Researchers at the University of Washington have developed an appthat could let people self-screen for pancreatic cancer and other diseases via a smartphone selfie. BiliScreen uses a smartphone camera, computer vision algorithms and machine learning tools to detect increased bilirubin levels in a person’s sclera, or the white part of the eye.
Jaundice is an early symptom of pancreatic cancer and other illnesses. Jaundice is a yellowing of the skin and eyes from a buildup of bilirubin in the blood. By spotting the build up before it’s detectable by the naked eye, apps like BiliScreen offer a new avenue for screening program to those at risk. In an initial clinical study of 70 people, the BiliScreen app identified cases of concern 89.7 percent of the time, compared to the blood test currently used.
The app works in conjunction with a 3D printed box that controls the eye’s exposure to light.
Said lead author Alex Mariakakis: “The problem with pancreatic cancer is that by the time you’re symptomatic, it’s frequently too late…. The hope is that if people can do this simple test once a month, in the privacy of their own homes, some might catch the disease early enough to undergo treatment that could save their lives.”
Currently doctors use a blood test to track bilirubin levels. It is seldom given to adults unless there’s outward reason for concern, and administering the test requires a health care professional. That mkes it inconvenient for frequent restesting.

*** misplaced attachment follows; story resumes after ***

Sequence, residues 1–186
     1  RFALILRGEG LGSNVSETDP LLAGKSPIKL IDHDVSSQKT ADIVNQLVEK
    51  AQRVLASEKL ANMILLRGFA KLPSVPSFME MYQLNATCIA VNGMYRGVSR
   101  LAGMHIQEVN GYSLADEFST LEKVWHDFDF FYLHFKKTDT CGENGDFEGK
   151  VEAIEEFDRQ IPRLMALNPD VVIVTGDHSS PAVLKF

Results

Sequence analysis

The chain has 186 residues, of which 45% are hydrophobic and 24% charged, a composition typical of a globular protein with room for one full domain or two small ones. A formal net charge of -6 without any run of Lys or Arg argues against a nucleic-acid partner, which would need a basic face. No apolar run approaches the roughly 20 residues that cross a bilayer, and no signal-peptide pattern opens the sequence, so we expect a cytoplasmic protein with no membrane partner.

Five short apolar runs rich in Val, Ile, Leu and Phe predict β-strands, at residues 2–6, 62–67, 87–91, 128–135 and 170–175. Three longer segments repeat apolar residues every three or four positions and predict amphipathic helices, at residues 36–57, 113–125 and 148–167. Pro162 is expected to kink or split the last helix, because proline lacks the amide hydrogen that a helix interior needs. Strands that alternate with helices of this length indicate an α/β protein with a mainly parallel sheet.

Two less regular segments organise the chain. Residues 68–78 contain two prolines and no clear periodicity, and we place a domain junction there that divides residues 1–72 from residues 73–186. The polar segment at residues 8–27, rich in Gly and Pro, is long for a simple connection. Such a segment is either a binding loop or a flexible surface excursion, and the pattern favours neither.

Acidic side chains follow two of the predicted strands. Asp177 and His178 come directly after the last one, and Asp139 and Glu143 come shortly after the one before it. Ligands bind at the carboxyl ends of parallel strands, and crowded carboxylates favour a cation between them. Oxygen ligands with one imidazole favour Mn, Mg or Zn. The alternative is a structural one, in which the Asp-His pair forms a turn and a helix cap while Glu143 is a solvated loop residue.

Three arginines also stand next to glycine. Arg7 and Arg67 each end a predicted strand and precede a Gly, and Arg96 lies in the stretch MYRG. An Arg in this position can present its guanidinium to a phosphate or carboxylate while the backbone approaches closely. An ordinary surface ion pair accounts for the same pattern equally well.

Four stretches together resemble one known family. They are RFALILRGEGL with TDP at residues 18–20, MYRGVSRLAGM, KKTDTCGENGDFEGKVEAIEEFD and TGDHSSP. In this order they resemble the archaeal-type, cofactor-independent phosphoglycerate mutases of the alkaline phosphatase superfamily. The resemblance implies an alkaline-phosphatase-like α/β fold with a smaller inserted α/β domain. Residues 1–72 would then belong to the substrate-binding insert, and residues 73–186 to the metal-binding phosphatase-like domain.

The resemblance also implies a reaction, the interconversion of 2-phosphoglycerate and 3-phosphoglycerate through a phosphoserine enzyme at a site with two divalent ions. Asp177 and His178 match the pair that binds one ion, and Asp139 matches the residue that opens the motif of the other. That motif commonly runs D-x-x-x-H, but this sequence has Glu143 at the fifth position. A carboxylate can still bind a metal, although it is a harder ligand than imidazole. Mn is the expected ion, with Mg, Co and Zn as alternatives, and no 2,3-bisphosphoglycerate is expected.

BiliScreen is meant to overcome these challenges, and help determine if a doctor’s visit is in order.
Said senior author Shwetak Patel: “The eyes are a really interesting gateway into the body — tears can tell you how much glucose you have, sclera can tell you how much bilirubin is in your blood…. Our question was: Could we capture some of these changes that might lead to earlier detection with a selfie?”
BiliScreen uses a smartphone’s built-in camera and flash to collect pictures of a person’s eye as they snap a selfie. The team developed a computer vision system to automatically and effectively isolate the white parts of the eye, which is a valuable tool for medical diagnostics. The app then calculates the color information from the sclera — based on the wavelengths of light that are being reflected and absorbed — and correlates it with bilirubin levels using machine learning algorithms.
To account for different lighting conditions, the team tested BiliScreen with two different accessories: paper glasses printed with colored squares to help calibrate color and a 3-D printed box that blocks out ambient lighting. Using the app with the box accessory — reminiscent of a Google Cardboard headset — led to slightly better results.
Said co-author Jim Taylor: “This relatively small initial study shows the technology has promise…. Pancreatic cancer is a terrible disease with no effective screening right now. Our goal is to have more people who are unfortunate enough to get pancreatic cancer to be fortunate enough to catch it in time to have surgery that gives them a better chance of survival.”